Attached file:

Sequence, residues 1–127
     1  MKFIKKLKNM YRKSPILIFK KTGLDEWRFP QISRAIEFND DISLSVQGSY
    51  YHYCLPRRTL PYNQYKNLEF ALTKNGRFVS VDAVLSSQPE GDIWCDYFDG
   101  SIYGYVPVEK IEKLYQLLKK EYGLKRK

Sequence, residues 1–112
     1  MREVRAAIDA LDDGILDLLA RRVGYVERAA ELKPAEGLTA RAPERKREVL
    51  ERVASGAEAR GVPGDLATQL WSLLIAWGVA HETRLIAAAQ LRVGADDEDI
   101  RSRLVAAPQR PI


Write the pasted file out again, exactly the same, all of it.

Sequence, residues 1–127
     1  MKFIKKLKNM YRKSPILIFK KTGLDEWRFP QISRAIEFND DISLSVQGSY
    51  YHYCLPRRTL PYNQYKNLEF ALTKNGRFVS VDAVLSSQPE GDIWCDYFDG
   101  SIYGYVPVEK IEKLYQLLKK EYGLKRK

Sequence, residues 1–112
     1  MREVRAAIDA LDDGILDLLA RRVGYVERAA ELKPAEGLTA RAPERKREVL
    51  ERVASGAEAR GVPGDLATQL WSLLIAWGVA HETRLIAAAQ LRVGADDEDI
   101  RSRLVAAPQR PI